Dana: August 2010 Archives

On Marketers and PR

I woke up this morning, signed the kids up for their co-op classes, finished cataloging the leftover supplements I had from Liam's old kindergarten curriculum, did a hit with CNBC, and will be appearing on Larry King again tonight shortly to talk about stuff half of you don't want to hear. Them eeeeevil politickin thangs!

But not before I glanced in my inbox and took a quick count of the forty or so press releases sent to me just today. Yes, you read that right. JUST TODAY. A gob of them were marketers checking in. Did you get our press release about this INSERT PRODUCT NAME HERE? Do you need further images or would you like to spend an inordinate amount of free time you don't have to give us free publicity for our products or services without the courtesy of so much as an offer of any sort of reimbursement? Why no, thanks, I would not like to spend an inordinate amount of free time I don't have to fake desire to perform a function for you, for free, that most people with two brain cells to rub together either a) request payment for or b) offer some sort of reimbursement.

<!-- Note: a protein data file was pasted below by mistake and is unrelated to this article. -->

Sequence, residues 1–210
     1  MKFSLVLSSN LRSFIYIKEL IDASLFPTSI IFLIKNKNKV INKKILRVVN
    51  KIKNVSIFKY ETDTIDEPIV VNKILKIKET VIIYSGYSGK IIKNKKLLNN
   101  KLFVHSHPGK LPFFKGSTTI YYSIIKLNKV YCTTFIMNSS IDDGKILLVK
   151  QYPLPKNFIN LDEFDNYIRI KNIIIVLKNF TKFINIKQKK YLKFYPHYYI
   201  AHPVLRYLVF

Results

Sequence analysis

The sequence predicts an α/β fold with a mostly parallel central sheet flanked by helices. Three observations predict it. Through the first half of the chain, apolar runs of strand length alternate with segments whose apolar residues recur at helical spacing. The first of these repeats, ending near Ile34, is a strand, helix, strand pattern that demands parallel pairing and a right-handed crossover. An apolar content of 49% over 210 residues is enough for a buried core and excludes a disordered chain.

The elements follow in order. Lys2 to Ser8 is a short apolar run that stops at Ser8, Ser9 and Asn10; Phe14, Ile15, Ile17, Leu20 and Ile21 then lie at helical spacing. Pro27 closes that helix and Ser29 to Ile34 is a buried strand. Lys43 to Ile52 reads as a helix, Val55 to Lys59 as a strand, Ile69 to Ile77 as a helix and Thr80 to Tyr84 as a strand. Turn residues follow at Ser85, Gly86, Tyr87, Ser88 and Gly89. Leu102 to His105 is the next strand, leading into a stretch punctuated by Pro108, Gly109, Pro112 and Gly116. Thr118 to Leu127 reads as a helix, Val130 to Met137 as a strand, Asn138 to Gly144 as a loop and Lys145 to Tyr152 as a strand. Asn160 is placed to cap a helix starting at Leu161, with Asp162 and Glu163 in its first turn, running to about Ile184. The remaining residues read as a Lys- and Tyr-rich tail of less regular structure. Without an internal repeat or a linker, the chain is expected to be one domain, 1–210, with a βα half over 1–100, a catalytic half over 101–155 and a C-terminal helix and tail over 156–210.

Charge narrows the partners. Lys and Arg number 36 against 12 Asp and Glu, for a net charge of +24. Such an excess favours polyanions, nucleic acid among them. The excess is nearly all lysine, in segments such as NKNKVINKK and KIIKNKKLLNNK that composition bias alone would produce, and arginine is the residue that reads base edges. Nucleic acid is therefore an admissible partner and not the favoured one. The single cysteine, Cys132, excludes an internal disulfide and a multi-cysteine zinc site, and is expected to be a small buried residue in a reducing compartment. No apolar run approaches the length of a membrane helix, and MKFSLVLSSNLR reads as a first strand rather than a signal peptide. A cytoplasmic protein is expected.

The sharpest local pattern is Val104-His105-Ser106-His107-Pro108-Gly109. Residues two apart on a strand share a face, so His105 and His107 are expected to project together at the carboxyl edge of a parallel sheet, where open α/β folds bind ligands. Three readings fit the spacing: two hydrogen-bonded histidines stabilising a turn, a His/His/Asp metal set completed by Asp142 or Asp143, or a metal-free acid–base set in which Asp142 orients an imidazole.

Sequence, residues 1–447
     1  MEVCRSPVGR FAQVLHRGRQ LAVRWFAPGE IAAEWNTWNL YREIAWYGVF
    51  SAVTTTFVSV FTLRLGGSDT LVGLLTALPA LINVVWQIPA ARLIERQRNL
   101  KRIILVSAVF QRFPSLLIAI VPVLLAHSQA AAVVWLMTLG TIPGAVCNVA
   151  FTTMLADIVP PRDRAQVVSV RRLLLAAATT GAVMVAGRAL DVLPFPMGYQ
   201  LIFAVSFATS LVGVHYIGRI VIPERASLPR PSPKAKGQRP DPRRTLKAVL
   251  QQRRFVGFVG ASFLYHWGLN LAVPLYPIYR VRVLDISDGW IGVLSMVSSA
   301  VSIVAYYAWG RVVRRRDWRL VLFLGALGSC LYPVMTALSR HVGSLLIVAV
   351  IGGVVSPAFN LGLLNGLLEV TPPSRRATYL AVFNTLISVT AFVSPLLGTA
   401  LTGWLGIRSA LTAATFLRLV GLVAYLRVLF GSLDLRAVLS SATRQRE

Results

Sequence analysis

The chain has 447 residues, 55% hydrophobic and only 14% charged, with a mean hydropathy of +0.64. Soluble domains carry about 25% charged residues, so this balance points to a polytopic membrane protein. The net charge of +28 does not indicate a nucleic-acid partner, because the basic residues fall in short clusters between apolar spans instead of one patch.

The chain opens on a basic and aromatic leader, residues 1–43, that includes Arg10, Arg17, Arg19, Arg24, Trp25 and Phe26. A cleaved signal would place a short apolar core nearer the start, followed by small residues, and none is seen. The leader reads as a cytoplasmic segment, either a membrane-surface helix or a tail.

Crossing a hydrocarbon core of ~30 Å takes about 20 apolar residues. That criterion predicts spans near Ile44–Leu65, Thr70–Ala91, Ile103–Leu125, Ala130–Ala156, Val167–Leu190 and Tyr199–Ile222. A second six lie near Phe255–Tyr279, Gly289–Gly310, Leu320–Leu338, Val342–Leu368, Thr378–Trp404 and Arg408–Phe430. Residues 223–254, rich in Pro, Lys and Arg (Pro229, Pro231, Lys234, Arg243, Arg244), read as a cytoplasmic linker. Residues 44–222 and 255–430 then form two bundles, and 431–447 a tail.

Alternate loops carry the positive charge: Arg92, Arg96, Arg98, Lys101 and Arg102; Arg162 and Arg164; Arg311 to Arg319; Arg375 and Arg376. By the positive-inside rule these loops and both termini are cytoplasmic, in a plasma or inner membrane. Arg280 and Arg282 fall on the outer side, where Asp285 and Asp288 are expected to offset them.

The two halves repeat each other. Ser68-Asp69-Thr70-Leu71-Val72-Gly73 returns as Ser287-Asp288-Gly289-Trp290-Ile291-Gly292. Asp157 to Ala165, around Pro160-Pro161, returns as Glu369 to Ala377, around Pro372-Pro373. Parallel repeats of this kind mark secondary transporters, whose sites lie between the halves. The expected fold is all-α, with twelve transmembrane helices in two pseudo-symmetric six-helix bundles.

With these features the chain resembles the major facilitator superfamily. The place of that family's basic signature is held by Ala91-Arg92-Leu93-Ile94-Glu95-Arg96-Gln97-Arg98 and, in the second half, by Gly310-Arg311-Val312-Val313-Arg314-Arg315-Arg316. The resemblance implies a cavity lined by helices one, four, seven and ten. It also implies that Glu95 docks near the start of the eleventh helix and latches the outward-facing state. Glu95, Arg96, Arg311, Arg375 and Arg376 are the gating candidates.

Is that harsh?